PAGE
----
Trump loses latest bid to derail university fraud suit
Donald Trump and his now- defunct real estate university lost another legal attempt to block former students from suing as a group in a California case accusing the GOP presidential nominee of fraud.
Trump University is accused of cheating students by persuading them to pay tens of thousands of dollars for real estate seminars that turned out to be “infomer- cials” for buying more classes. The former students also claim workshops were led by instructors who hadn’t been “hand-picked” by Trump as promised.
U.S. District Judge Gonzalo Curiel in San Diego on Monday rejected Trump’s argument that one of the lead plaintiffs in the case, Sonny Low, wasn’t concerned with whether Trump University was an accredited institution. One of the key claims in the suit is that the students had relied on their belief that the school was accredited when they paid to attend.
The former students from California, Florida and New York seek compensation under consumer-fraud and elder-abuse laws. The case has dogged Trump as he battles Democrat Hillary Clinton ahead of the Nov. 8 general election, while Curiel’s Mexican heritage earlier prompted Trump to say that negative rulings in the case were retribution for his pledge to build a wall be- tween the U.S. and Mexico.
Curiel has scheduled a trial in the case Nov. 28.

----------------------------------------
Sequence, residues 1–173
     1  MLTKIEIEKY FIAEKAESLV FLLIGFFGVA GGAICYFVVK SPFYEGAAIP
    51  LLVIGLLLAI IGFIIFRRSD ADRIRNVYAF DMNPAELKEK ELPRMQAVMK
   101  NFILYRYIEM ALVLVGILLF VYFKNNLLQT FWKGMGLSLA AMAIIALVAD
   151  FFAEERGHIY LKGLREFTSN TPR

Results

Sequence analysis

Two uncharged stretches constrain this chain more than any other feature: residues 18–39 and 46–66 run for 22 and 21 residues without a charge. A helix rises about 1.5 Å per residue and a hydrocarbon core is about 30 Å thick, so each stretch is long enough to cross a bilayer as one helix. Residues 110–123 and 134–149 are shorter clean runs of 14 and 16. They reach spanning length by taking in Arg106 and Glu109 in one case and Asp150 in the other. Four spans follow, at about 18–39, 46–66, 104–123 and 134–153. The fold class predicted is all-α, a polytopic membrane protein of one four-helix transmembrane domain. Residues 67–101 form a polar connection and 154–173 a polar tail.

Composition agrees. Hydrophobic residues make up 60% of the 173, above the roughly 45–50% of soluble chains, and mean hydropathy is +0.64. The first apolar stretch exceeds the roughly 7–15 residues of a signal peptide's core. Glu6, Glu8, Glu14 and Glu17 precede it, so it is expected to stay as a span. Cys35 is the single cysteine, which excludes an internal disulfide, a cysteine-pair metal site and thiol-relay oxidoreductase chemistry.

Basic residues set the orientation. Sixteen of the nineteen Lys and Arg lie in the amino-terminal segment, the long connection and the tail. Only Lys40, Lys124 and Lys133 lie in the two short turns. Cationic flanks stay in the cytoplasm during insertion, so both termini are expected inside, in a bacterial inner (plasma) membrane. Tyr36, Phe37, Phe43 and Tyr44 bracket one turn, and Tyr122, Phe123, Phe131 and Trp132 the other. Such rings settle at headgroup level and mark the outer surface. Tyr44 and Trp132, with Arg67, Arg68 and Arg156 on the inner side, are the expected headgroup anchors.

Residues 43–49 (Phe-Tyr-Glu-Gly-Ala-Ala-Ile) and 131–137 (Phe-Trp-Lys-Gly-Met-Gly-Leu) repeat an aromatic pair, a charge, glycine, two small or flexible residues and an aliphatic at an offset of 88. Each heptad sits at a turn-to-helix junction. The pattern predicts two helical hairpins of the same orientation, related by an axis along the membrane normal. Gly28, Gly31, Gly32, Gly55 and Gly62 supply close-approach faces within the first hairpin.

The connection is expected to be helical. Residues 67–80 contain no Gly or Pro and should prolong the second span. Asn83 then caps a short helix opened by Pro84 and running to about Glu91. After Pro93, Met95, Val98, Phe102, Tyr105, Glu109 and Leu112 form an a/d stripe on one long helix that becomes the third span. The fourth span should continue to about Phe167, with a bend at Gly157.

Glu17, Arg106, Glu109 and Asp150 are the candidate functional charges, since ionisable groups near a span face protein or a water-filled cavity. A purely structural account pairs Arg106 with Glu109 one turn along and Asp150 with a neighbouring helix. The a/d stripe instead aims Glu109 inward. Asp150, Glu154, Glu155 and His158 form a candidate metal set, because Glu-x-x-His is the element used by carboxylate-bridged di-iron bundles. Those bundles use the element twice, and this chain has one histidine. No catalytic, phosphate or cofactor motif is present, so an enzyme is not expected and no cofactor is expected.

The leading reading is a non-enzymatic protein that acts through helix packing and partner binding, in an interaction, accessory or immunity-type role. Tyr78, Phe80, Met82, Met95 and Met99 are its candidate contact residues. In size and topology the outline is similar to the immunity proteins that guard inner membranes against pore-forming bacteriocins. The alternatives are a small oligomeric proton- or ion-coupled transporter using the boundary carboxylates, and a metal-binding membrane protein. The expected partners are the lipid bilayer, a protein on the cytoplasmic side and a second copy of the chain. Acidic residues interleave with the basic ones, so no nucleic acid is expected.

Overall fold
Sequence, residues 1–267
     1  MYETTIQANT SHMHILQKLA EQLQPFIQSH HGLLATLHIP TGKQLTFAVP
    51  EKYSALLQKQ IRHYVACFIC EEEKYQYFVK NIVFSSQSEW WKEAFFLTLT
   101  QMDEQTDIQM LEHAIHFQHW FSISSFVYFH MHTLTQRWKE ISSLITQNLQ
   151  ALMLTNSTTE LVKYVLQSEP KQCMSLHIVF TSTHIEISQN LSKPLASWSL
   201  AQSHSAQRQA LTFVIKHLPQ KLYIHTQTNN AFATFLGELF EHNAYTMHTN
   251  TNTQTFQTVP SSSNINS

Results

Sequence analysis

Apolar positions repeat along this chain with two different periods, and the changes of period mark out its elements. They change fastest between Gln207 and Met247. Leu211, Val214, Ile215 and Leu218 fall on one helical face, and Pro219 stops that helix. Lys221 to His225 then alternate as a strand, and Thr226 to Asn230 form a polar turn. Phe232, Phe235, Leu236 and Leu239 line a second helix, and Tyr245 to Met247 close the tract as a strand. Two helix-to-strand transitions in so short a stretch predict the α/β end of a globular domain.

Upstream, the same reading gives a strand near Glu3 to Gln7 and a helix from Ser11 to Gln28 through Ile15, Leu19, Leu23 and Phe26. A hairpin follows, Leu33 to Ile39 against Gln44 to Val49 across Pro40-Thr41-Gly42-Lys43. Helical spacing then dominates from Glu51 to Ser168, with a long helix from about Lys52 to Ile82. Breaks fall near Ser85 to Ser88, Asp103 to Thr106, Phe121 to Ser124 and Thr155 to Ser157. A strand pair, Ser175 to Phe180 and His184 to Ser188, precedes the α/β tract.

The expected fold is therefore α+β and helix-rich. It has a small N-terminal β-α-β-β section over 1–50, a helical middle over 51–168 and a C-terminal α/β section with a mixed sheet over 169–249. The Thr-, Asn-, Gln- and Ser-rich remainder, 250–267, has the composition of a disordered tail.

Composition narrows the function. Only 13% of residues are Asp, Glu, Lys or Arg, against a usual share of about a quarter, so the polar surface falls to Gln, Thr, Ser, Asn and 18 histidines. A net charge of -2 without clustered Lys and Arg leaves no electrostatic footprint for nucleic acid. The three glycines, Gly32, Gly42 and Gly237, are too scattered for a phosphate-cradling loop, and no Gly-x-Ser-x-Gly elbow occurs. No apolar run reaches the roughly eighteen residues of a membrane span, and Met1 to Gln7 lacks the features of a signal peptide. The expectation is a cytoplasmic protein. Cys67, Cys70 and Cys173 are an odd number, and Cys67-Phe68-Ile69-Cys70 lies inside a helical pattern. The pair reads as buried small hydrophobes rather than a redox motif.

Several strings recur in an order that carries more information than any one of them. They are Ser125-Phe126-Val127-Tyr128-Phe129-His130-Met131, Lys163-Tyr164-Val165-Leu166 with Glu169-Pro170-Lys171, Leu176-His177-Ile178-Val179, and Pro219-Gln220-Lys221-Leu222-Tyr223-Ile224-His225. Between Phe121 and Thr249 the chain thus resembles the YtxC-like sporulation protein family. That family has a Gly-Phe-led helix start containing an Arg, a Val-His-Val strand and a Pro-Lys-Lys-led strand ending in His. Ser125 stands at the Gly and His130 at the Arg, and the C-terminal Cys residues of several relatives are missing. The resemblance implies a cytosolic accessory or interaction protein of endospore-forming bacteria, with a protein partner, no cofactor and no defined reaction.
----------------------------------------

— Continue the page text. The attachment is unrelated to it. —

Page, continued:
Curiel said Trump’s lawyers were relying on a “selective interpretation” of Low’s deposition, in which the former student said accreditation “was not even a consideration for me. I went there because it was Trump University, that he created.”
The judge pointed to other portions of the deposition that suggested the former student believed the university was legitimate due to its association with Trump, regardless of whether it was accredited.
“Besides being a multibillionaire in real estate, he set up Trump University, which I would presume that he took all the steps necessary to set up a proper institution that he could call a university, with his name next to it,” Low said in the deposition.
Trump’s lawyers have argued that sales pitches touting “secrets” and “hand- picked instructors” are “puffery” common to advertising, and that they can’t be used to argue there was fraud. Trump also believed the students were receiving a high-quality education, the defense has said, while arguing there was no intent to defraud anyone.
Trump is also asking Curiel to undo class-action status in a second Trump University class action in San Diego in which the candidate is accused of racketeering.